The Euro Is In Crash Territory

I paint a word picture here about the EU backed up with a couple of photos that paint pictures of a thousand words hopefully showing that much of the EU is in deep recession, even depression. The euro and Germany are a major cause of that as this paper shows; The Euro debt crisis and Germany’s Euro Trilemma

My section later on the rise and fall of empires might be of special interest.

The EU today...

The EU’s new euro 1.8tn budget and rescue package includes E750 billion for the worst-hit pandemic countries. That amount proposed by the European Commission in July 2020. Those countries urgently needed the money but it was not to be dispersed until 2021. Since then there has been internecine wrangling about the conditions for dispersal by the heads of the European Council and their latest summit again kicked the can down the road - this time about compliance with EU law and order rules - giving recalcitrant states money and two years before the next review instead of addressing and fixing the problem now. They ignored the fact that one of the four conditions underpinning a sound currency is for the rule of law to reign supreme!

Those leaders patted themselves on the back with one saying that summit “had the same feel” as June 1988, one that launched to start of the euro! If that is deemed a success one wonders what their definition of failure is.

But having achieved that further fudge the money is still not yet available to be dispersed! The EU will be able to borrow money for the first time to partly finance that E750 billion. That should raise more red flags about the dangers ahead. How will it be paid back? The EU has long wanted to have its own taxation powers and such borrowing is a stepping stone to that. Add another tax burden to already overtaxed citizens means their ability to spend and restore desperately needed economic growth becomes even more impossible!

A survey by McKinsey showed that around half of Europe’s SMEs - the lifeblood of the European economy - doubt they can survive for another 12 months.

And to show their concern for those living in poverty - made worse by their policies - the leaders of Germany and Italy met recently in this monarch's palace in Germany near the capital, Berlin. Germany is also the de facto leader of the EU and still refuses to resolve its euro trilemma mentioned above.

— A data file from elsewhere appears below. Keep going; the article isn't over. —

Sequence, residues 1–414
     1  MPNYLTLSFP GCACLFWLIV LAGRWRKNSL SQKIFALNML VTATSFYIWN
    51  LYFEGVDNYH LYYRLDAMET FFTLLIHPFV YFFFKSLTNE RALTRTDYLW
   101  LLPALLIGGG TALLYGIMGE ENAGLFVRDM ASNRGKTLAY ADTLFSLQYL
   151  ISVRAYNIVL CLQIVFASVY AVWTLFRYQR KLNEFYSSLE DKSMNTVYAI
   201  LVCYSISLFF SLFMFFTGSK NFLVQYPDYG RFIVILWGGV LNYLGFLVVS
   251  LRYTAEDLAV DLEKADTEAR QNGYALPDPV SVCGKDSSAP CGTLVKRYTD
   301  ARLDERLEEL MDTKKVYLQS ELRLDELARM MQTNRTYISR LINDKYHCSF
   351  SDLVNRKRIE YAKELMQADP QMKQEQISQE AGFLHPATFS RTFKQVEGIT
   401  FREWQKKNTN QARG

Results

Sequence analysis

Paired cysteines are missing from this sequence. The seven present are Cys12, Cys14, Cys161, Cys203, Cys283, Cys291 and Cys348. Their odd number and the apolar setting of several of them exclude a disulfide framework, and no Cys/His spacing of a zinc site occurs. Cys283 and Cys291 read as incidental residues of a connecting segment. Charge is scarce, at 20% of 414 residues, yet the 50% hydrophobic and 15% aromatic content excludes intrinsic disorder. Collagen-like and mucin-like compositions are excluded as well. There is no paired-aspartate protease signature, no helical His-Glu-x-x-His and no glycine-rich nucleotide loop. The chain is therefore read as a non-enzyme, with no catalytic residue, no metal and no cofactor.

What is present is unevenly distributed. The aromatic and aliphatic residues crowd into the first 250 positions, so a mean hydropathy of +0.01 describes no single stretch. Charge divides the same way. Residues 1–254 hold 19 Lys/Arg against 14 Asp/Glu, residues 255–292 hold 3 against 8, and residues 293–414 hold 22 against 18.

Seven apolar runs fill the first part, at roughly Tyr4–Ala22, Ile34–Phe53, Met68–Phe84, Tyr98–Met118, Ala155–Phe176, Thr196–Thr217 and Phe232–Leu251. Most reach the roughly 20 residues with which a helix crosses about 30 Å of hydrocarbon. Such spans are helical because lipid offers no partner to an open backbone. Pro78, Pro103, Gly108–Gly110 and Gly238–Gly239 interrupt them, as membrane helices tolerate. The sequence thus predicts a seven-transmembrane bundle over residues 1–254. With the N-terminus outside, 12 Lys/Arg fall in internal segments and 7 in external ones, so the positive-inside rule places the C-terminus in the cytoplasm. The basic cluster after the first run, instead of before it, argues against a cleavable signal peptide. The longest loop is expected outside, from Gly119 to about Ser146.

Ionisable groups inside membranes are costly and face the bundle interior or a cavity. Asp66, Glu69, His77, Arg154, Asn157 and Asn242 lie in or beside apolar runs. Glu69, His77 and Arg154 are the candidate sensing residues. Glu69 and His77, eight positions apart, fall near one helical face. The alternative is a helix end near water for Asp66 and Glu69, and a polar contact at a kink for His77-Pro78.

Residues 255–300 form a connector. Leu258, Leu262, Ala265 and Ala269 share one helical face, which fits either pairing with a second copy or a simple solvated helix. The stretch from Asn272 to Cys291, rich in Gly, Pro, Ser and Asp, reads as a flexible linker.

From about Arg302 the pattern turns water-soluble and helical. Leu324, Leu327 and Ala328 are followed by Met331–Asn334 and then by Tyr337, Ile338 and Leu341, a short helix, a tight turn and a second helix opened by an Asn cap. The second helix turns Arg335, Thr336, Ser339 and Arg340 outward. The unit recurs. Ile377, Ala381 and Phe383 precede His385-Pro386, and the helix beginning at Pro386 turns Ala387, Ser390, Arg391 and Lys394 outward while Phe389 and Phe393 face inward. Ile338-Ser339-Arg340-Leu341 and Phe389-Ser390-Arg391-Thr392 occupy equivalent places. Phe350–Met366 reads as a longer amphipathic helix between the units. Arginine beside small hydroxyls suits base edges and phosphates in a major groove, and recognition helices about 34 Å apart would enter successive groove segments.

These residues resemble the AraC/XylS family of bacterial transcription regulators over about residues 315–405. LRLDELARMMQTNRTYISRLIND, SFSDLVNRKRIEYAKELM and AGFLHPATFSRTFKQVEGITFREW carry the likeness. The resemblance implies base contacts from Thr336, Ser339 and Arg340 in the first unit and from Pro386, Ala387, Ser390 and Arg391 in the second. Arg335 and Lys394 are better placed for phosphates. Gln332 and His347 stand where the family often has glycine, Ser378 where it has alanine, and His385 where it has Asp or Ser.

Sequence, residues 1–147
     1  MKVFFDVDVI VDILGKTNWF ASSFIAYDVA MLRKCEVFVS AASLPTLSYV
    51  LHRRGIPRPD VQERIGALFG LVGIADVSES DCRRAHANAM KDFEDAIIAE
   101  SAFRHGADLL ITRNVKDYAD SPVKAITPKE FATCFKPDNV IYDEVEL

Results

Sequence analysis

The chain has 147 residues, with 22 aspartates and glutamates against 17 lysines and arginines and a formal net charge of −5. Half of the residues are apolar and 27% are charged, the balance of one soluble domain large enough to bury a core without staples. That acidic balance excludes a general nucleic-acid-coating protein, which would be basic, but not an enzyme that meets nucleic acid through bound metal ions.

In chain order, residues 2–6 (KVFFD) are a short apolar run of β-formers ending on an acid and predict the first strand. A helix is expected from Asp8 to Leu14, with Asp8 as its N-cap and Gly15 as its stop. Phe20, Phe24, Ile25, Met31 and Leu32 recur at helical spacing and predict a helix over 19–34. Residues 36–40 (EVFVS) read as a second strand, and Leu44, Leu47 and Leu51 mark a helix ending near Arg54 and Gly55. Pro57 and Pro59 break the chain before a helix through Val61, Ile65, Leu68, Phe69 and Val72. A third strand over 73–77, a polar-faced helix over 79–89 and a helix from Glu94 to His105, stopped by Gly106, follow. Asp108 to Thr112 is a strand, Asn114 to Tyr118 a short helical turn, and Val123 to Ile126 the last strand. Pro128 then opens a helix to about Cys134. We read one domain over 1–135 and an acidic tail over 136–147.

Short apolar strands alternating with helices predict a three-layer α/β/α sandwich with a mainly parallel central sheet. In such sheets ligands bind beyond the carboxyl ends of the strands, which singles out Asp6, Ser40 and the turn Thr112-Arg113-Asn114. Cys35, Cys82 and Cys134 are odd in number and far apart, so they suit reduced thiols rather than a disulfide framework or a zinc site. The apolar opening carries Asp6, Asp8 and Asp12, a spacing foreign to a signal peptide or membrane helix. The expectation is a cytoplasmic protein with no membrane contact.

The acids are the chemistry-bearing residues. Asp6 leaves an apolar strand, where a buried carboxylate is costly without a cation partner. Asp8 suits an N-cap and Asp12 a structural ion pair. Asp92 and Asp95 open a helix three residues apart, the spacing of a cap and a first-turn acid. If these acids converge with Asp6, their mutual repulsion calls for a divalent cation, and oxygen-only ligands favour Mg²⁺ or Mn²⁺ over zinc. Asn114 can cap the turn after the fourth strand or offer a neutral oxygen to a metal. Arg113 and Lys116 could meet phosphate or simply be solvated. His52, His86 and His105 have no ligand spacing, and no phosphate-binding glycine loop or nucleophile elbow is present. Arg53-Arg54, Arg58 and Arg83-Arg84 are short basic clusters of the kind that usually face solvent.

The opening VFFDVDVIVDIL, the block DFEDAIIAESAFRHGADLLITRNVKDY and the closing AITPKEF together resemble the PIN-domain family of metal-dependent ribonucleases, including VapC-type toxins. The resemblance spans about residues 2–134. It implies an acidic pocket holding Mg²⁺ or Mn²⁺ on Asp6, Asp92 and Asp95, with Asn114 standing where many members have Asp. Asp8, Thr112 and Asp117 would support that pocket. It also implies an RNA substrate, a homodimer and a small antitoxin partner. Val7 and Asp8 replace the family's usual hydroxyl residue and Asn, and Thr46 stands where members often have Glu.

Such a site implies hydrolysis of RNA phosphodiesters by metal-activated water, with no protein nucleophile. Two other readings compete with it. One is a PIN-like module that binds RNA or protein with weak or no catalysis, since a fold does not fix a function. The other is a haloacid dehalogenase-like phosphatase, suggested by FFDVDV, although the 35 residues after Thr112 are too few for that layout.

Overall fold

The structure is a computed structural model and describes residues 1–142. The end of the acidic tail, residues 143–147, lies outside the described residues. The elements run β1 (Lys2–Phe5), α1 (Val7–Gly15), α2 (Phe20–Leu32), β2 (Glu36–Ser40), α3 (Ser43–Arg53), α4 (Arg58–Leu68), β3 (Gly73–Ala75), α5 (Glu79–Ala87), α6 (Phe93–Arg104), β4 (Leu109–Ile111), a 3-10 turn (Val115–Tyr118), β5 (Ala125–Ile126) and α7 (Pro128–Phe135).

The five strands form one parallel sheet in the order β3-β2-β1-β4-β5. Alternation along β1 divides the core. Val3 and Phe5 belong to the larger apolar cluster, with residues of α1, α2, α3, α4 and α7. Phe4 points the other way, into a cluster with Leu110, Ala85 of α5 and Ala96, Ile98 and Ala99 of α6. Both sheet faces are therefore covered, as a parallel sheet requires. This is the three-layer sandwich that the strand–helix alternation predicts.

These are the goals and values of the EU. They include many warm words; "sustainable development based on balanced economic growth and price stability, a highly competitive market economy with full employment and social progress, combat social exclusion”.

The results;

Bar chart of % of people at risk of poverty or social exclusion (2018), by region showing More people at risk of poverty in Italy

Meanwhile in the real world of Switzerland - outside the EU politically but in the centre of it geographically and affected by it economically - I make other observations about what is going on, or in the EU's case, not going on.

Whether the EU’s GDP figures eventually showed it or not my observations showed the EU was in a recession long before the virus came along.

Yet another of the EU’s many presidents - Mrs Lagarde of the ECB - recently told the world what it did not know - that the virus pandemic would cause...

"A Highly Unusual Recession"

Trucks on the road are one of my economic indicators of recession and I took this photo in January 2019, long before the virus hit the EU in March 2020...

I live near that autobahn (interstate/motorway) just outside Zürich, Switzerland. Although we are not in the EU our road and rail systems are essential for the EU and this is one of Europe’s main crossroads that runs, at this point, around 30 kms (19 miles) south of Germany's Baden-Württemberg border. B-W is the home state of Mercedes Benz and Porsche cars and many world-leading machinery makers. The lanes flowing towards us head on to south-east Germany - Bavaria, home of BMW, Audi and Siemens - Austria and many countries east from there; Poland, Czech Republic etc. Those flowing away split beyond those overhead direction signs with the right lanes heading to France then via France on to Spain in the south and north European countries such as Holland, Britain and Denmark etc. The left lanes head directly off south to Italy.